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Microsoft's expensive OneCare to go live on Thursday

Microsoft's expensive OneCare to go live on Thursday

Microsoft will complete its entry into the desktop security market this week with the general release of its Windows Live OneCare antivirus software.

OneCare, which also includes backup and PC tuning software, has been available for free in beta form since last November, but as of Thursday customers will be able to purchase the final, supported product.

OneCare will cost US$49.95 per year, which will cover licences for as many as three Windows XP PCs. That means that 98% of homes in the US will be able to buy one subscription and be able to cover all of their PCs, according to Microsoft group program manager Brian Hall.

A spokeswoman for Microsoft's public relations agency declined to comment for this story except to confirm that the product would be available for purchase from the web and in retail stores “in the next few weeks”.

OneCare includes firewall, antivirus and backup software, as well as Microsoft's Windows Defender antispyware technology. The product also takes care of routine maintenance tasks like defragmenting the hard disk and cleaning up unused temporary files.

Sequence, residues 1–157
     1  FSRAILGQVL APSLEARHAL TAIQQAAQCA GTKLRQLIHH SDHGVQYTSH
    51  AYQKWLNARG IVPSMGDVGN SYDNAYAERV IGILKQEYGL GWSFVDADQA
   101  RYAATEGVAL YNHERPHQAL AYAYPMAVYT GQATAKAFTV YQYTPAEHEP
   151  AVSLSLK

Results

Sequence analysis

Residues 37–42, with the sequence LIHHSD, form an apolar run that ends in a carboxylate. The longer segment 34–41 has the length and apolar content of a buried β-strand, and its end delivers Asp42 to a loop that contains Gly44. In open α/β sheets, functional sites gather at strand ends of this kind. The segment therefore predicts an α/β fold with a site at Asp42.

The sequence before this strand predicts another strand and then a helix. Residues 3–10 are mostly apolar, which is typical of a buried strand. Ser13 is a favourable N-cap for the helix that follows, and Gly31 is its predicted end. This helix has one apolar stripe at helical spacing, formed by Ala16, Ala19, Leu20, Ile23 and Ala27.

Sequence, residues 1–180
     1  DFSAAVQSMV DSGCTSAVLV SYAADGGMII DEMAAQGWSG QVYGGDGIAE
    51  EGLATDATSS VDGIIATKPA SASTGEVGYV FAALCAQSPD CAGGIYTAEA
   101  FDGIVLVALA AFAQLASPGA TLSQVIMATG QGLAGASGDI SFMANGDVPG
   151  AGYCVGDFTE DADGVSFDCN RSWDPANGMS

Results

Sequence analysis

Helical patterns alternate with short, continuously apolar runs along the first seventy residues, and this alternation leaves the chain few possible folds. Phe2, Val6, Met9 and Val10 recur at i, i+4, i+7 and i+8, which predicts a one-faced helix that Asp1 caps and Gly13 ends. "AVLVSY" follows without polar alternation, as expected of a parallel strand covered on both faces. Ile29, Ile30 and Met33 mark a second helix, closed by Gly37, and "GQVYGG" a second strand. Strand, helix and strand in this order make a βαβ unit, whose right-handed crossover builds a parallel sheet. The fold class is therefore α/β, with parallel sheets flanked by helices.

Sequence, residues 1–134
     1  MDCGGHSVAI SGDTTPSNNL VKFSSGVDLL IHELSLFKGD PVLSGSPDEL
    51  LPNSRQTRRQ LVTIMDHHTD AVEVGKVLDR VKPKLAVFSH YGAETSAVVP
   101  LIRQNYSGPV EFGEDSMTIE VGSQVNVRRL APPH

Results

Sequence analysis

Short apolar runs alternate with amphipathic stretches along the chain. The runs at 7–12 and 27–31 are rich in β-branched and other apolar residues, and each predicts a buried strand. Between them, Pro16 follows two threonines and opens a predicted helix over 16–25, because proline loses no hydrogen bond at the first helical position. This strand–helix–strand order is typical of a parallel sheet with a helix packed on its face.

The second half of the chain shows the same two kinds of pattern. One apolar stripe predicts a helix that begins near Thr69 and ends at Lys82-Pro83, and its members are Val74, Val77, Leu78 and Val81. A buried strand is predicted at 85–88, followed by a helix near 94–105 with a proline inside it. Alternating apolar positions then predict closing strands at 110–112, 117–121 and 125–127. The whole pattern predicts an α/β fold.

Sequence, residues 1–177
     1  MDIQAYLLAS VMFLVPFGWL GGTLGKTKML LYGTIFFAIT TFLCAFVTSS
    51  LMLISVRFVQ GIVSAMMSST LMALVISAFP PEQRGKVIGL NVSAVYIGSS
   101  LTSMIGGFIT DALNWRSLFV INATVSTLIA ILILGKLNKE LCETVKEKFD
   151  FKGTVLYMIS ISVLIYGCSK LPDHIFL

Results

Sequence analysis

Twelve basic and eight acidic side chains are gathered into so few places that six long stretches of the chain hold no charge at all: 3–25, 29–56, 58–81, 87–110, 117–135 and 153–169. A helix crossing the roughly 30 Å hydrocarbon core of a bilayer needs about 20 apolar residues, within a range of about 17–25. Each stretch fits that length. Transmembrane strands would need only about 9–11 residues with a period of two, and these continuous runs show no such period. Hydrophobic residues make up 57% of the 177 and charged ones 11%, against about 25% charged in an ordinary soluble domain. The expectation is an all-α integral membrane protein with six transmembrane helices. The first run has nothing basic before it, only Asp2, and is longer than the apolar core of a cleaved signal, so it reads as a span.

Microsoft portrays OneCare as part of a new category of "PC care" products that handle technically challenging tasks. But analysts say that the product clearly targets the antivirus market, dominated by companies like Symantec, McAfee and Trend Micro.

"This is really competing head on with the antivirus vendors," says Andrew Jaquith, senior analyst with Yankee Group Research.

Market leader Symantec, which sued Microsoft last week claiming misappropriation of intellectual property, is clearly anxious about the software giant's entry into its market space.

Company executives have said that they expect to compete against Microsoft by offering superior technology and staying one step ahead of their new competitor. "Microsoft is very much focusing on the old-world problems of viruses and worms," says Symantec chief financial officer James Beer. “We're focusing on what we would call the new-world problems."

Symantec is readying an alternative to OneCare, codenamed project Genesis, that is expected to ship by year's end. And the company's next generation of security products will concentrate on preventing things like cybercrime and identity theft, Beer says.

Though Microsoft's size alone makes it a formidable competitor, analyst Michael Cherry says the company has no special advantage when it comes to the hardest part of selling antivirus software: convincing users to renew subscriptions.

Cherry, an analyst with Directions on Microsoft, estimates that 60% of antivirus users decline to renew their software licences. "I don't see how Microsoft can nag people any more than Symantec or McAfee," he says.

OneCare is presently available to US residents only. The software is being beta tested by hundreds of thousands of users. The beta software can be downloaded here: www.windowsonecare.com.


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